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Better together: Leelanau Conservancy and EMU partner to save historic farm

the Campbell-DeYoung Farm. / Andrew Williamson

An old building on Campbell-DeYoung Farm. / Andrew Williamson

A student working at the farm. / Ted Ligibel

A student working at the farm. / Ted Ligibel

Historic tools on Campbell-DeYoung Farm. / Andrew Williamson

New farmers on Campbell-DeYoung Farm. / Andrew Williamson

Lindsey J. Wooten and other students during field school. / Ted Ligibel

Historic workshop on Campbell-DeYoung Farm. / Andrew Williamson

At 145 acres of farmland, the historic Campbell- DeYoung Farm is a quintessentially "Up North" property. With its nearly two-centuries-old farmhouse and barns and mile of Leelanau Peninsula coastline, it's hard to imagine such a pristine, rural setting has ever been, or would ever need to be touched by the bustle of life down south in "the city."

When the aging farmstead changed hands for only the third time in its history in 2005, however, the Campbell-DeYoung Farm was in need of assistance to reclaim its status as a working farm. Luckily for the property, and for its new owner, the Leelanau Conservancy, a big city college from Ypsilanti needed its help too. And that's where the partnership between the Leelanau Conservancy and Eastern Michigan University's Historic Preservation program began.

"These buildings looked like a time capsule," says Jenee Rowe, director of Conservancy Owned Lands for the Leelanau Conservancy. "There were dishes in the dish rack. There were piles of napkins in the drawers from the Depression era."

Preserving the property was a perfect job for the Eastern Michigan University's historic preservation experts, and an opportunity for its students. The Ypsilanti university program is one of the largest and most comprehensive of its kind in the United States, but the opportunities to work on such a unique property such as the Campbell-DeYoung Farm are rare in Metro Detroit. Despite sitting 250 miles north of EMU, it became the perfect project for the university's long-running field school, which gives historic preservation students in-depth, hands-on experience.

"It had always been my dream, since I’m a conservationist/preservationist, to do something that merges the two worlds," says Ted Ligibel of the Department of Geography and Geology and Director of the Historic Preservation Program at EMU. "Brian [Price, executive director of the Leelanau Conservancy] and I got to talking one day and said, it would be great if we could work on something together, but it would have to be the right property."

For five years now, 20 to 25 EMU students from all over the country have made the trek up north to work on the historic farm. Projects have included masonry work on building foundations, replacing windows, stabilizing structures and cataloguing items in the farmhouse.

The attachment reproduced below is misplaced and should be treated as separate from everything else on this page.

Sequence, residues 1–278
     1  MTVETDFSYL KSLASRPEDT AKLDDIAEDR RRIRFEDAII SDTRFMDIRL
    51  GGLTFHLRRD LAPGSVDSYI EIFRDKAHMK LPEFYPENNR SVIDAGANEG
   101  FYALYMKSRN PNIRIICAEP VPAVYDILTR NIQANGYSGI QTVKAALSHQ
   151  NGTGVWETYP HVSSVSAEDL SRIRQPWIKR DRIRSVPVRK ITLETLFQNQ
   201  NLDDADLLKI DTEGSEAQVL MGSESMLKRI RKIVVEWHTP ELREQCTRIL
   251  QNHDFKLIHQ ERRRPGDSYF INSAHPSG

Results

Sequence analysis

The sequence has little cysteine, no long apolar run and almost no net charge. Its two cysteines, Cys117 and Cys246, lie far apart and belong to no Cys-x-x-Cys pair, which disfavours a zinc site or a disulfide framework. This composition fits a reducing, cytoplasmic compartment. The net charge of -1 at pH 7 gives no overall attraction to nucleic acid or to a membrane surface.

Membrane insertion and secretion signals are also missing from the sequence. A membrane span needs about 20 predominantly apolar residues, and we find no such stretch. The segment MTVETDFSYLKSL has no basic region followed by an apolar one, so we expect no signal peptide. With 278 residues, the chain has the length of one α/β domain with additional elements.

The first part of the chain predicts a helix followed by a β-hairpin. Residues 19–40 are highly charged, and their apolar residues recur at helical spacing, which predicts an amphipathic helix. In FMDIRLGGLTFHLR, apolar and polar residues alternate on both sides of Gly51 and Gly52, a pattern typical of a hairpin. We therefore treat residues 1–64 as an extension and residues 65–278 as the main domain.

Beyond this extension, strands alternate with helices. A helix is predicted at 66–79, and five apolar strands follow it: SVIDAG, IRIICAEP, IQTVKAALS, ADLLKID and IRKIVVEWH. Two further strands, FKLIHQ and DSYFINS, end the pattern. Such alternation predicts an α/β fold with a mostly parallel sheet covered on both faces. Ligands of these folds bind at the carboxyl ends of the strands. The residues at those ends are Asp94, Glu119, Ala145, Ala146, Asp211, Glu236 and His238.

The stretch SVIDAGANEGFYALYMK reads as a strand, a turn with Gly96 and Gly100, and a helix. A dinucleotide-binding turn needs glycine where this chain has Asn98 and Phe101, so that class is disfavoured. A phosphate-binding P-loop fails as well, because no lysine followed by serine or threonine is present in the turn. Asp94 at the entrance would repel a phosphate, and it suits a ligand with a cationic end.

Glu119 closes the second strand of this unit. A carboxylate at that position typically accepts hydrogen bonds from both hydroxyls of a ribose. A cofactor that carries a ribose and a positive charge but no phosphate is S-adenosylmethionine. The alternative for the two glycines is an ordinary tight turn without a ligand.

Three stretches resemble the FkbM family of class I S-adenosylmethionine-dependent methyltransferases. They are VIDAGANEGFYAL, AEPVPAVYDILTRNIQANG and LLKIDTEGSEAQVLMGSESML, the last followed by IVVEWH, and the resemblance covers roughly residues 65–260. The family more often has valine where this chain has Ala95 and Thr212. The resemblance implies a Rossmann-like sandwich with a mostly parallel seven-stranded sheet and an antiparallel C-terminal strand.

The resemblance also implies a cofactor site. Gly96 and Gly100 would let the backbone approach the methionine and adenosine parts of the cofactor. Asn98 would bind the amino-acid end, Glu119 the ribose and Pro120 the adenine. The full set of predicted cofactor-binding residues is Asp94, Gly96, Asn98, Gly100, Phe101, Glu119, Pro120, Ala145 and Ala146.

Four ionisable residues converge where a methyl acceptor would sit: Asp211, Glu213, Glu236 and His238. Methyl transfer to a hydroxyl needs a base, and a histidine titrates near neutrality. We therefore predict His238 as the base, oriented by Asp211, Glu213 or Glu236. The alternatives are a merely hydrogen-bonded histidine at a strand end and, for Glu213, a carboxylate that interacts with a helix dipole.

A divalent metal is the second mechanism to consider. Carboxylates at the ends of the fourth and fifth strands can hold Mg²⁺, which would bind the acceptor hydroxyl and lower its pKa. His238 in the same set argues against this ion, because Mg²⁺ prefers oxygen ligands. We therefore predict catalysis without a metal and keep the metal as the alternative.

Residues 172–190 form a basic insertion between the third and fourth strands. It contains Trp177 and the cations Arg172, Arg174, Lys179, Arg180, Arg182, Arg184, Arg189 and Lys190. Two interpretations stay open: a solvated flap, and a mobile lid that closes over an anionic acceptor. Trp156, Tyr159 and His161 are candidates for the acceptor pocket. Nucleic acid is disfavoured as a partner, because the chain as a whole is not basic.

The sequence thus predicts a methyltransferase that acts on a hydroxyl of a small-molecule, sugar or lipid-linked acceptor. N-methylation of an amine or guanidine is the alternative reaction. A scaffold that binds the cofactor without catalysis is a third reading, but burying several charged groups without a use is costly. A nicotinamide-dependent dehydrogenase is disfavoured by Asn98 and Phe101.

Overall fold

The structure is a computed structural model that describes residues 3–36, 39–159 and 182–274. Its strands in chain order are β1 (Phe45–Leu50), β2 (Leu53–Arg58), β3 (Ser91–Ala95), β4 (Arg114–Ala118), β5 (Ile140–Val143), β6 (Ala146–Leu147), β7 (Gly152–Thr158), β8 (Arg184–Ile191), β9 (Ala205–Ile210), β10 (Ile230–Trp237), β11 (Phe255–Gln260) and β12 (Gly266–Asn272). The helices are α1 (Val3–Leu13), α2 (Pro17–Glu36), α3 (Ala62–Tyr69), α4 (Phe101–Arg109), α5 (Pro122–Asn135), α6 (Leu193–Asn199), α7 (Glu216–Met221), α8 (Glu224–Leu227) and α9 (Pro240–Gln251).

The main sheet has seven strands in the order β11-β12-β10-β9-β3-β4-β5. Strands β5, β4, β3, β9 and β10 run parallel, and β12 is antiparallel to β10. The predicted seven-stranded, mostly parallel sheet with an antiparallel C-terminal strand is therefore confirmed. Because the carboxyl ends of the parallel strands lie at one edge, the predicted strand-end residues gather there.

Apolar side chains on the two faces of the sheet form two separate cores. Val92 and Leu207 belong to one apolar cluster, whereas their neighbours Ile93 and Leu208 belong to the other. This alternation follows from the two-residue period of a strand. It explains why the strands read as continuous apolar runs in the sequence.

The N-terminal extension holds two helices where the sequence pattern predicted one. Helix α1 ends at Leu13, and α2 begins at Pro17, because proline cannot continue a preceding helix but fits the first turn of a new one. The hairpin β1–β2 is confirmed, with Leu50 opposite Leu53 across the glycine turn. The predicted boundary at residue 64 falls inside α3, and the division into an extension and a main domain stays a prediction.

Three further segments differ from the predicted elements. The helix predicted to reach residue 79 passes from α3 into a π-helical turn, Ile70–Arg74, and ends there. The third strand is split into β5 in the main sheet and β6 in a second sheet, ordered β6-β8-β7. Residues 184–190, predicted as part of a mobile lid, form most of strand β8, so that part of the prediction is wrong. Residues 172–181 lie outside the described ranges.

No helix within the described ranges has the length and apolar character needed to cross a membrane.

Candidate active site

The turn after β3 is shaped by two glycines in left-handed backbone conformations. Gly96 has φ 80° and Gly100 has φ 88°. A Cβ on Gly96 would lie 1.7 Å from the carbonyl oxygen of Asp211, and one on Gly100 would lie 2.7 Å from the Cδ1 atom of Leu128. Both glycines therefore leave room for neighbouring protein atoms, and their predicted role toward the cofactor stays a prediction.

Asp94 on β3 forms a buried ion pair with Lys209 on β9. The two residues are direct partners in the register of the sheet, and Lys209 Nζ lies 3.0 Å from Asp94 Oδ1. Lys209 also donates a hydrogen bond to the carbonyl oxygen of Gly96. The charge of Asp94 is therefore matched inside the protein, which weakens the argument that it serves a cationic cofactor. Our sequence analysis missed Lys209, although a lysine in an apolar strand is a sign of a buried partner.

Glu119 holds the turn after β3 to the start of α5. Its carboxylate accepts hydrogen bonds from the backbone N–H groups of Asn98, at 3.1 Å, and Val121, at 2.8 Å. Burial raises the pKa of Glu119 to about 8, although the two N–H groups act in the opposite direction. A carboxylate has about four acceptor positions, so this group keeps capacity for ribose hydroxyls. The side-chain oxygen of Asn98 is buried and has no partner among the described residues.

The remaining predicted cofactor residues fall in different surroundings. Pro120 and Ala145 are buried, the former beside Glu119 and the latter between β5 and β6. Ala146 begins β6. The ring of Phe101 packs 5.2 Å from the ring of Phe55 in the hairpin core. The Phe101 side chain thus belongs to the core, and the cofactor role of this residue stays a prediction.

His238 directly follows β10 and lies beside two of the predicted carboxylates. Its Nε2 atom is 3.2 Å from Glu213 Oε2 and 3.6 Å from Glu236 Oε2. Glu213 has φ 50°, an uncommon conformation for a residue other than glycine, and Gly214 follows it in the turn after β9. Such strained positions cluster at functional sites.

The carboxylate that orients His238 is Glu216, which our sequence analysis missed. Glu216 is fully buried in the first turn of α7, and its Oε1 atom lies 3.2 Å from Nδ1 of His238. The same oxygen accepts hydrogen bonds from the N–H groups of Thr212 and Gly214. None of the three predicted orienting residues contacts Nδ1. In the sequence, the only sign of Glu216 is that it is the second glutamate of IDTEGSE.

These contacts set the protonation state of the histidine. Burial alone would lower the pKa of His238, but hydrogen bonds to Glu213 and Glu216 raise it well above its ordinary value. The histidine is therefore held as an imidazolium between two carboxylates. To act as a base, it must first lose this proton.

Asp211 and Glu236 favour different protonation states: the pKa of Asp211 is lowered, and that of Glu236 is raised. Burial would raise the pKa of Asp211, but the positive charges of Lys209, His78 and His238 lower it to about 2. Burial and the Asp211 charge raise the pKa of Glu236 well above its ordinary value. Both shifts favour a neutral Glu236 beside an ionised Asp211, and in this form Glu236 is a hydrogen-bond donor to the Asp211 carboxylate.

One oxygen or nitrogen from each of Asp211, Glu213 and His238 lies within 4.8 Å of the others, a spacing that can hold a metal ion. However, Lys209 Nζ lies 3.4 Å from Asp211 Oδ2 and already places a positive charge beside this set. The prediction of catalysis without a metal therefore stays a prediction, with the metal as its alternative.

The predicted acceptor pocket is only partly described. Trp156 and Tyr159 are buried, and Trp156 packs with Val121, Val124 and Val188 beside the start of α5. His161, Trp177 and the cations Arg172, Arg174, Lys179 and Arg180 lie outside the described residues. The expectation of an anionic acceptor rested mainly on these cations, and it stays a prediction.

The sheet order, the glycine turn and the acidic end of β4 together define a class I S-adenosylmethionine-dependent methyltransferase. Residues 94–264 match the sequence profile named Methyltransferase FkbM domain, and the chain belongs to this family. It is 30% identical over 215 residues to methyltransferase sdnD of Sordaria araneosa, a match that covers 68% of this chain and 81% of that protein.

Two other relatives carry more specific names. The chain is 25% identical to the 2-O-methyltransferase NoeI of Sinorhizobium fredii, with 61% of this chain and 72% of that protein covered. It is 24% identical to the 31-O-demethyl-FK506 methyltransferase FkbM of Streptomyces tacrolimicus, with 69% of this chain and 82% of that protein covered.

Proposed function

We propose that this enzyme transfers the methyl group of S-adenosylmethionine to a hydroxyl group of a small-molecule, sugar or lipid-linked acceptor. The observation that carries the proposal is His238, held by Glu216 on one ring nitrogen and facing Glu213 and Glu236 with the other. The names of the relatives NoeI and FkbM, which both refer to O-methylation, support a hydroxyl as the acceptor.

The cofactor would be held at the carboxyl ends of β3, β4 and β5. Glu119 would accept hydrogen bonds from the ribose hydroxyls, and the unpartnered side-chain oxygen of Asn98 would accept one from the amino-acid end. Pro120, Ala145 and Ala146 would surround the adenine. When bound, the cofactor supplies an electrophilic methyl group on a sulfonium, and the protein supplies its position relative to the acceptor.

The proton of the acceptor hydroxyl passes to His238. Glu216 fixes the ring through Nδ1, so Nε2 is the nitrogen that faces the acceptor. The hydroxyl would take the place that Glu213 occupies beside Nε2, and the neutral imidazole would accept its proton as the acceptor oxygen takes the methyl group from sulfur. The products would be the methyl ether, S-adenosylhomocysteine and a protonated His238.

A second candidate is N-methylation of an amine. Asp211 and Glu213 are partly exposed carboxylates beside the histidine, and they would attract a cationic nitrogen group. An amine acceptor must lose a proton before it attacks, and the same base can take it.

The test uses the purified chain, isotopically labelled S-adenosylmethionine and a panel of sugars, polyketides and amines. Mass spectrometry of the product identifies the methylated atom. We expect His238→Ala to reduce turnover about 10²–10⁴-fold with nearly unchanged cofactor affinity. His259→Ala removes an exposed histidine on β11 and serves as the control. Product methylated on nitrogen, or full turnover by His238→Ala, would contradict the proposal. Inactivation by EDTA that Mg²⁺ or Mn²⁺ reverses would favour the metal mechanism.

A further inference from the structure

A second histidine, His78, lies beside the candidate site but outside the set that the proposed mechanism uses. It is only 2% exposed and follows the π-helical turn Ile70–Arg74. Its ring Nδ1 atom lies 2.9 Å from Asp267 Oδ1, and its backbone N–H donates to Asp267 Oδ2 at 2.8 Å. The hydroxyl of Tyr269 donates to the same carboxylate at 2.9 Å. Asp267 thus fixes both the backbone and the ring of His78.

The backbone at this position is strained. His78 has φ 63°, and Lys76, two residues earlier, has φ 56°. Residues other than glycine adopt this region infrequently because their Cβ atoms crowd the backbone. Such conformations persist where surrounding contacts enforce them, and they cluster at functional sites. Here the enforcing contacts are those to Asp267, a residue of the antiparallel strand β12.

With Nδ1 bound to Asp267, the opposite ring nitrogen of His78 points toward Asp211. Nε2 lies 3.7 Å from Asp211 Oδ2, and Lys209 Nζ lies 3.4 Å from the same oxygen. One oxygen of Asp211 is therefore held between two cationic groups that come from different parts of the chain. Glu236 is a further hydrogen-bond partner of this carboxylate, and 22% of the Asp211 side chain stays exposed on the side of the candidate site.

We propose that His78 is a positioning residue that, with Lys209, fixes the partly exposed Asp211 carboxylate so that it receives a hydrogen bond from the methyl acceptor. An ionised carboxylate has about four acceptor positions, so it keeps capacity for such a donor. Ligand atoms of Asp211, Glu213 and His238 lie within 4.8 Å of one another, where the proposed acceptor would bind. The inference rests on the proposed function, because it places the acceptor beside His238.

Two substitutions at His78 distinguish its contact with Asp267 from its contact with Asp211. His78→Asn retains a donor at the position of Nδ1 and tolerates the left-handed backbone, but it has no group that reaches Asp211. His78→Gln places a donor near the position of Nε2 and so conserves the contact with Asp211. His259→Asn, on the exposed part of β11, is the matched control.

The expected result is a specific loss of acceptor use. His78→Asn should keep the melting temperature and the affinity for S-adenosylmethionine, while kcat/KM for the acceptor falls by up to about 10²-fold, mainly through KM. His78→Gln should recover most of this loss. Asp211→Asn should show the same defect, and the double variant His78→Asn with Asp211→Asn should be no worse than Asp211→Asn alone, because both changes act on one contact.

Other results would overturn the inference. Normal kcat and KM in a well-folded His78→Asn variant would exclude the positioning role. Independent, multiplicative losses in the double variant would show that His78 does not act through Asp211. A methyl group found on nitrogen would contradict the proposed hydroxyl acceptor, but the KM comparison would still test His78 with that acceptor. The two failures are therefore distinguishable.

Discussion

"It was the most amazing week of my life," says EMU historic preservation graduate Lindsey J. Wooten. "We were repointing the foundation of the lower barn. It was kind of like puzzle solving, and then also, really hard labor."

Having grown up in Troy, Wooten had long been interested in history, but also wanted a hands-on career. Spending a summer working on Mackinac Island sparked her hope that she could have both, and her week at the Campbell-DeYoung Farm confirmed it.

"It's something you don't think about unless you're at Greenfield Village and you're looking at the glassblowers," she says of the historic trades she learned during the field school. "It's a dying art. I took away an appreciation of the work that went into these historic buildings we want to save."

If the Campbell-DeYoung Farm has benefited the academic cityfolk, the historic property has realized the reciprocal effect.

"If you watched the property over time, you'd notice some dramatic changes," says Ligibel. "The house is now functioning, and people can use it for meetings."

Rowe says the EMU preservationists not only physically renovated the historic property, but also shared their preservation knowledge with the Leelanau Conservancy, emphasizing the ethics of not rushing through restoration projects, doing no harm and leveraging the expertise of many.

"Partnerships make projects like this better than they could be on their own," Rowe adds. "Historic preservationists and land preservationists, we have this unbelievable common ground."

The preservationist goal most visibly instilled into the property is that of finding new, active uses for historic properties. As if a project that benefits a university from the city, a historic property up north, a new generation of preservationists and visitors to the farmstead through its public access trails wasn't enough of an all-around win, Rowe explains how one of the greatest outcomes of the entire project are these young farmers who now actively work the land.

"They attended the field school, they love history, and they're experienced farmers," she says. "Without EMU, we wouldn’t have had the opportunity for these young farmers to take a stab at doing some work there. They're now farming about 12 acres, and are starting to fix up some of the other structures."

Keeping a historic farm in working condition, let alone in productive use, is clearly no small task. But with a cross-state partnership and years of hard work, EMU and the Leelanau Conservancy have not only honored the long history of the Campbell-DeYoung Farm, they've made it possible for a new chapter to begin.

Natalie Burg is a freelance writer.
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